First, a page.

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Last updated: 11/17/2020
- The Department of State has issued a Level 3 – Reconsider Travel Advisory advising U.S. citizens to reconsider travel to Germany due to COVID-19.
- The German CDC-equivalent, the Robert Koch Institute (RKI), provides daily updates in German and English on the number reported cases, fatalities, and recoveries.
- Beginning November 2, 2020, until the end of November, Germany will implement a partial lockdown as follows:
- Travel within Germany should be restricted to essential travel only, and overnight hotel stays for tourists will not be allowed.
- Gatherings are restricted to two households, with a maximum of 10 people.
- Restaurants and bars will be closed except for take-out.
- Recreation and sports facilities (including gyms and swimming pools), cultural/entertainment venues (including theaters and concerts halls), and personal care services (such as massages, nail salons, etc.) will be closed.
- Shops will remain open but will restrict the number of customers allowed inside at any time.
- Schools and Kitas (daycares) will remain open.
Entry and Exit Requirements:
- Are U.S. citizens permitted to enter? No (with a few exceptions, see below)
- Germany will currently only allow EU citizens, EU residents, and residents of certain other specific countries to enter. The United States is not one of those countries. U.S. citizens traveling to Germany from the United States will not be permitted to enter unless they meet one of only a few narrow exceptions. If you do not meet one of these exceptions but believe your circumstances merit entry to Germany, or if you need clarification, you should contact the German Embassy in Washington D.C. regarding entry permission. The U.S. Embassy and Consulates in Germany cannot give you permission to enter Germany.
- Persons entering Germany who have spent time in an RKI-designated risk area in the 10 days prior to entry are required to submit a digital registration on entry.
- Is a negative COVID-19 test (PCR and/or serology) required for entry? No, see below
- Are health screening procedures in place at airports and other ports of entry? YES
- Is a curfew in place? No
- Are there restrictions on intercity or interstate travel? No. However, travel within Germany is strongly discouraged, and no overnight hotel stay for tourists will be allowed.
- Are U.S. citizens required to quarantine? YES
- Each federal state within Germany sets its own quarantine regulations. Travelers should check the specific quarantine requirements and possible exemptions for their intended destination within Germany. In general, a person arriving from another country who has spent time in the last 10 days in a country the RKI defines as a risk area or who has been exposed to a confirmed case of COVID-19 must self-quarantine for 10 days. See this link for the most current information.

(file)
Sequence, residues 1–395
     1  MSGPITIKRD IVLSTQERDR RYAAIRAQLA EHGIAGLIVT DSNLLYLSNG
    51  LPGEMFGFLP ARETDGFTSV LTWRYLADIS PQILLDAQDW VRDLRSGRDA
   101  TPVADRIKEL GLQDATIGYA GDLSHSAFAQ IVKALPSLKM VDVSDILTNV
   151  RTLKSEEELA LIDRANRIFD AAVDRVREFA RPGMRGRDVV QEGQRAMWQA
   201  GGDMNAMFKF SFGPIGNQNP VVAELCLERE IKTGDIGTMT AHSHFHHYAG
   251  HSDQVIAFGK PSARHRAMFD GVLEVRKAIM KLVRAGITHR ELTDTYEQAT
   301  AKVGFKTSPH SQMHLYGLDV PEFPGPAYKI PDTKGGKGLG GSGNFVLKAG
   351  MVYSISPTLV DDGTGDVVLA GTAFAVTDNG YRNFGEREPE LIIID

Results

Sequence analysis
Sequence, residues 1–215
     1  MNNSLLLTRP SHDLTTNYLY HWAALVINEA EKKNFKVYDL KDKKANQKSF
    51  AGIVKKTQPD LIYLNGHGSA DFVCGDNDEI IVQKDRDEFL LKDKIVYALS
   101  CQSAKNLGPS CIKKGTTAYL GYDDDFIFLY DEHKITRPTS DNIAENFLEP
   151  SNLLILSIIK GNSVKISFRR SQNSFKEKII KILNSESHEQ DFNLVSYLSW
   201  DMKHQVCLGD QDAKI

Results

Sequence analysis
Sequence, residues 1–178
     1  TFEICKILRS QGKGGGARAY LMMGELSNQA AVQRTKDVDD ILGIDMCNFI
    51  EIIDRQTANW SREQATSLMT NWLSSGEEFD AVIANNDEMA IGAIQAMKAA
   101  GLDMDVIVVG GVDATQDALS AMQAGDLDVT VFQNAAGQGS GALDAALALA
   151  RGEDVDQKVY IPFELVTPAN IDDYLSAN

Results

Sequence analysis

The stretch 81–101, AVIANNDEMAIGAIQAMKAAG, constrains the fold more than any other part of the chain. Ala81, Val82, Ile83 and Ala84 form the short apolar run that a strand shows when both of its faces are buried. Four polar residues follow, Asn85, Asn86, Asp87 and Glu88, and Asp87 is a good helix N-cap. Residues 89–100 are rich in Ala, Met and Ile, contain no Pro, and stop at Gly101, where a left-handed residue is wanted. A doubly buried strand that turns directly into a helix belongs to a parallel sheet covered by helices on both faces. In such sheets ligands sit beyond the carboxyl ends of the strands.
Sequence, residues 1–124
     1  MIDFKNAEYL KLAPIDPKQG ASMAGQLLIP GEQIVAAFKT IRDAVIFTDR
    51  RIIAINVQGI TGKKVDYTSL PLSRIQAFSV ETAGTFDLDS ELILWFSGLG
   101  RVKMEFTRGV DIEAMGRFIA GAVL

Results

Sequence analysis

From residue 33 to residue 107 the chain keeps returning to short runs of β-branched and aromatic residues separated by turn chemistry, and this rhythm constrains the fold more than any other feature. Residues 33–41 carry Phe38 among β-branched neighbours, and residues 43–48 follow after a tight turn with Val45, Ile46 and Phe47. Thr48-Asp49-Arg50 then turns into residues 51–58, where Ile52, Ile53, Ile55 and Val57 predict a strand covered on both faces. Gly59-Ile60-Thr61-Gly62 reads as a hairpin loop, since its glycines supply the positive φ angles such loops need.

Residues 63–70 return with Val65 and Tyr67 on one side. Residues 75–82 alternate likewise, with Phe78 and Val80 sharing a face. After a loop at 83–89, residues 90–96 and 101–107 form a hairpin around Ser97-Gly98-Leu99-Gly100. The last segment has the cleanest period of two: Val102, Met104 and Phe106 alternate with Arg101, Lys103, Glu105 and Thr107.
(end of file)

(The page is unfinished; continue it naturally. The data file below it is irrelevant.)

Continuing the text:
- In most states, quarantine can be ended by a negative molecular biological (also called a genetic, RNA, or PCR) COVID-19 test conducted, at the earliest, 5 days after arrival. Some states will exempt arriving travelers from the self-quarantine if they can show a negative molecular biological COVID-19 test from an accredited lab conducted in the 48 hours prior to their entry. Please note that antibody tests are NOT accepted by German authorities at this time to evidence a traveler is negative for COVID-19.
- If you are subject to a quarantine requirement and have not submitted the digital registration on entry, you must register with the local health authority for the place you will be staying. You can look up the local health authority by German zip code (Postleitzahl or PLZ) here.
- You can find the most up-to-date information on COVID testing in Germany through the German Ministry of Health.
- U.S. citizens in Germany can obtain a COVID-19 test by calling 116 117 to be connected to the local health authorities who will explain testing options.
- Travelers arriving from designated risk countries or regions after September 15, 2020, are offered a free test within 10 days of arrival.
- The cost of a test for those who do not qualify for a free test (testing later than 10 days after arrival) or who are not covered by insurance is 59 Euros.
- Are commercial flights operating? YES
- Is public transportation operating? YES
- Masks are required on all public transportation and no passengers may sit in the front seat of taxis.
Fines for Non-Compliance:
- According to the Ministry of Health, violations of quarantine may be prosecuted as an administrative offense, punishable with a fine of up to 25,000 Euros.
- Limited appointments for U.S. citizen services, including passport applications, Consular Reports of Birth Abroad, and notary services are available. See this website for more information.
- Visa services are extremely limited. See this website for more information.
- The German Health Ministry posts up-to-date information in English about COVID-19 in Germany at: https://www.zusammengegencorona.de/en/ (“Together Against Corona”)
- Additional information in German can be found at Robert Koch Institute.
- COVID-19 crisis page on travel.state.gov
- CDC page on COVID-19
- Country Information – Germany
- Re-open EU – Country-Specific EU Travel Information
- U.S. State Department Office of Overseas Citizen Services: 888-407-4747 or 1-202-501-4444